However, as the panel at the IABC-hosted event ‘Who Owns Social Media’ was quick to point out, social media is here to stay. The uses of social media within a company are diverse, from digital storytelling to the handling of customer service complaints, and will continue to evolve as social media platforms improve. It is therefore crucial for organizations to embrace social media and recognize the benefits it can bring to a business.

The panelists included:

  • Margaret Zabel: CEO of the Communications Counsel and former National Director of Marketing for Lion Nathan.
  • Tracey Sen (@TraceySen): Director Corporate Communication, Dept. of Education.
  • John Kerrison (@jkerrison): Senior media advisor, NSW Government and former presenter, Sky News Business. John is also a former reporter for the ABC, Nine and Sky News teams.
  • Patrick Southam (@GSGCounsel): Partner GellSoutham Group, former Head of Corporate Affairs ING and VISA.

The panel agreed that we are currently in the ‘beta’ phase, working to understand how to capitalize on social media, and, importantly, decide who within an organization is best placed to have ownership of, and responsibility for, social media. Should it be the management, marketing, communications, customer affairs or legal team that steps up to the social media plate?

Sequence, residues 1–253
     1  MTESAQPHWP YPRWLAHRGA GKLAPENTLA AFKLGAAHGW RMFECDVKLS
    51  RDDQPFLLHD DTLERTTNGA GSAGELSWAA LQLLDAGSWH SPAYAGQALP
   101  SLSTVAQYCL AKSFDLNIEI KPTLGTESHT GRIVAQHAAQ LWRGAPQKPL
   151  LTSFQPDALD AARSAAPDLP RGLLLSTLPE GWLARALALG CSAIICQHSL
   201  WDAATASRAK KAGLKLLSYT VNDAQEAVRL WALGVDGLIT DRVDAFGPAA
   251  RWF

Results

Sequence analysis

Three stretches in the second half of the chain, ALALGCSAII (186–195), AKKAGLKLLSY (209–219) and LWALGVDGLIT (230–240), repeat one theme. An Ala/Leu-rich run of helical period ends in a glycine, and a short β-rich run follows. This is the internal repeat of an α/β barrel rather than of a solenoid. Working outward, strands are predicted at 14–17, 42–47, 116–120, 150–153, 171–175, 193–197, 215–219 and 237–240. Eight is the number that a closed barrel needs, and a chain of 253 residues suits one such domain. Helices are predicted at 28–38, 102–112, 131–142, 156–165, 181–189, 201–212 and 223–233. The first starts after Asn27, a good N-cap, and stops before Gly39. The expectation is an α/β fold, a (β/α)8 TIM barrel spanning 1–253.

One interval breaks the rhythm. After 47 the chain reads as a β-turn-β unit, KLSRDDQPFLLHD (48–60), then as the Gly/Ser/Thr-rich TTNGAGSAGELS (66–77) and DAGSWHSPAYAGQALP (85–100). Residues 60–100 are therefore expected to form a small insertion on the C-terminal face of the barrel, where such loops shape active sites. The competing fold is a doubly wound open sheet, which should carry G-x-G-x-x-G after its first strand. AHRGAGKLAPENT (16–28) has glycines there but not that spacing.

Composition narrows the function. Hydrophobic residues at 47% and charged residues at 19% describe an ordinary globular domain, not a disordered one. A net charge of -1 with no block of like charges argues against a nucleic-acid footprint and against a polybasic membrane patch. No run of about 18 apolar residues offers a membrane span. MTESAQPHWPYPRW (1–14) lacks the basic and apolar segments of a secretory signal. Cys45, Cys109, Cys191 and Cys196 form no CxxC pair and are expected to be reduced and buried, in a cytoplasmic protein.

This point was hotly debated, with some panelists suggesting that ownership of social media should be shared within an organization, while others believed that social media should be the sole responsibility of a dedicated team, such as the communications team.

Regardless of who ‘owns’ social media, the panel generally agreed that organizations would inevitably face a social media crisis at some point. However, the benefits of social media outweigh the challenges it presents, and there are mechanisms that companies can put in place to minimize the impact of a crisis. The panel suggested that companies:

  • formulate internal social media policies and crisis management strategies that build on existing risk management protocols;
  • decide on their social media model before they engage;
  • establish quality control mechanisms;
  • provide social media training to their employees, particularly to ensure that there is collaboration and accountability; and
  • experiment with social media and learn from their experiences.

The panel’s message was clear – don’t be afraid to embrace social media, because what is now new and mysterious will be second nature in the future.

About Ambassador // Ally is a lawyer with a passion for media, advertising and social media law. You can follow her at @allyeveleigh

photo: @NancyGeorges